Translators and clients alike fear really bad mistranslations. But in some exceptional cases, mistranslations have actually turned out all right. Here are a few examples:
English as She is Spoke. Making fun of bad translations isn’t just a modern concept. In the 19th century, a senseless Portuguese-English phrasebook did the equivalent of going viral, as fan Mike Drucker points out. Cribbed together by Pedro Carolino, a man who didn’t speak English, but seemed to have wanted to cash in on the reliable dictionary market (he even named José da Fonseca, a reputable translator, as his co-author, though da Fonseca had nothing to do with it), it’s full of inscrutable and often unintentionally hilarious translations. Dubbed “English as She is Spoke”, it became a comedic hit in 19th century England, and its American edition included a praise-peppered introduction by none other than Mark Twain. Want to see if it can make you laugh out loud? You can read it for free here or here.
“All your base are belong to us.” When Zero Wing, a Japanese video game, was released to the US market in 1989, players were soon raising eyebrows at its questionable translations. Among them, “All your base are belong to us” quickly became a favorite. A few years later, fans on the internet started creating videos, music, and photoshops featuring the phrase, transforming it into an online icon.
Cinderella’s slippers. Have you ever thought that, pretty as they might be, glass slippers probably aren’t a picnic to walk — let alone dance — in? It turns out that Cinderella may not have had to worry about that. It’s said that in the fairytale’s original version, her slippers were made of vair, an old French word meaning “fur”. But there was an error somewhere along the line, and vair was substituted for the homophone verre (“glass”). Of course, we all know that, despite the mistake, this is the version that’s stuck. And as an anti-fur advocate, I’m all for it.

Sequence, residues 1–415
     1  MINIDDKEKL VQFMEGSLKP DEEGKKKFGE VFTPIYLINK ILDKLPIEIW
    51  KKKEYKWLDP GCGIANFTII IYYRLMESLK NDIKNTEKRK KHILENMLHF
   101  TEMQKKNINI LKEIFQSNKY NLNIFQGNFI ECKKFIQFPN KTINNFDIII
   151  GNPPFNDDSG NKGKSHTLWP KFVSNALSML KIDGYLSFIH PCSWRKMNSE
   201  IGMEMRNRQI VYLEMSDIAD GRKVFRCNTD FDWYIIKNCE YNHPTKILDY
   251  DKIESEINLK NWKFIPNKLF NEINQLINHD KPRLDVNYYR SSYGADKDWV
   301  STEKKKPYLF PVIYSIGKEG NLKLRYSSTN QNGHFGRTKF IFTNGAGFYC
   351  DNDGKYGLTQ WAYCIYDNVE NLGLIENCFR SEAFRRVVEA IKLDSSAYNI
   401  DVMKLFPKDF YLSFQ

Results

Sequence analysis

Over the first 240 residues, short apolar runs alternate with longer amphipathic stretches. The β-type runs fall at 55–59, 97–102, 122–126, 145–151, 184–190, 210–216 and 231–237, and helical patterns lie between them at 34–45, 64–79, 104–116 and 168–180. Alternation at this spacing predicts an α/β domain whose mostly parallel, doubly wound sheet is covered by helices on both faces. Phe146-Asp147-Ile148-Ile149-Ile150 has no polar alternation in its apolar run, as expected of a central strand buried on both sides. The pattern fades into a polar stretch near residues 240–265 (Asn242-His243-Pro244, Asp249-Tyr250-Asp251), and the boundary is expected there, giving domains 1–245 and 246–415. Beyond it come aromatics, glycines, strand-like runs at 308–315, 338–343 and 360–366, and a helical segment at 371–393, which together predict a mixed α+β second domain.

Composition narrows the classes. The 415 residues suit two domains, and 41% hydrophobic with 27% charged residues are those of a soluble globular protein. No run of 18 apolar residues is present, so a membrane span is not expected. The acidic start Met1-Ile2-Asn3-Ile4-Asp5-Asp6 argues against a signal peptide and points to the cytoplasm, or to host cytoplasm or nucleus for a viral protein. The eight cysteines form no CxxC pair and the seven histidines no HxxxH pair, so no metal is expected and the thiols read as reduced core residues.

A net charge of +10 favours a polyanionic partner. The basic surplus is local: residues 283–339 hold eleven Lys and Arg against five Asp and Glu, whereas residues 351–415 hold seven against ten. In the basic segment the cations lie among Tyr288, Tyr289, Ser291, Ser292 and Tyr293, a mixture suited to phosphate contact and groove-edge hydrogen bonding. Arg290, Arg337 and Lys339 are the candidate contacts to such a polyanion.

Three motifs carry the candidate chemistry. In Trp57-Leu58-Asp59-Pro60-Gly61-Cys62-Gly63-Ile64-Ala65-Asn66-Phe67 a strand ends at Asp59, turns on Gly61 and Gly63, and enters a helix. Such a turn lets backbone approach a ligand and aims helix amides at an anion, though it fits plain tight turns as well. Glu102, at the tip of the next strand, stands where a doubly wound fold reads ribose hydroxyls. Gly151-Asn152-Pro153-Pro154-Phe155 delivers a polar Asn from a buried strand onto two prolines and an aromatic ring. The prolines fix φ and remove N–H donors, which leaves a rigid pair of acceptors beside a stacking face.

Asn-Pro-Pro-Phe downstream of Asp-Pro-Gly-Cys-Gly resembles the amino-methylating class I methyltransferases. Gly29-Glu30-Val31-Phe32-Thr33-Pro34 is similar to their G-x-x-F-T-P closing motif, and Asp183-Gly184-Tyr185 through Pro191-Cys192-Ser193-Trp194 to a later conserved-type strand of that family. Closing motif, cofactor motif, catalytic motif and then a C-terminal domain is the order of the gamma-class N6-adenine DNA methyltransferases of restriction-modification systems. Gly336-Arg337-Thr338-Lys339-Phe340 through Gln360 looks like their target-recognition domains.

“We will bury you!” Soviet Union premier Nikita Khrushchev uttered this utterly terrifying phrase during a speech in the most frigid days of the Cold War. But it actually isn’t as threatening as it would seem. The phrase’s words were translated more or less correctly, but not their meaning, something that all too often happens when it comes to idiomatic or figurative expressions. In fact, “We will bury you” isn’t a threat; it’s a way to say, “We will outlast you.” Khrushchev and his translator were wrong, but while the Soviet Union is long gone, the phrase’s famous mistranslation lives on as a (false) symbol of aggression and pride.
Chocolates for him. Most countries put their own spin on foreign customs, but one of Japan’s choices is directly due to a now-famous mistranslation. In the 1930’s or ‘50’s (depending on the source), a publicity campaign promoting Valentine’s Day used the phrase “chocolates for him”…which was actually a mistranslation of “chocolates for her.” The Japanese took it seriously, and to this day, women buy men chocolate for the romantic holiday – and receive no gift in return. There is some hope for Japanese women with a hankering for free sweets, though: in the late 1970’s, White Day was established. Celebrated on March 14, it’s a day for women to receive gifts. But since these are traditionally white-colored, it doesn’t seem like delicious dark chocolate is on the menu….
Of course, these fails-that-became-wins (or, in the last case, that-became-wins-if-you’re-a-Japanese-man-who-loves-chocolate) are the exceptions, not the rules. To avoid bad translations, be sure you research translators or translation companies and choose a reputable one. After all, as an abundance of funny pictures on the web and countless unnoticed but perhaps serious communication errors show, not all mistranslations become the stuff of legend.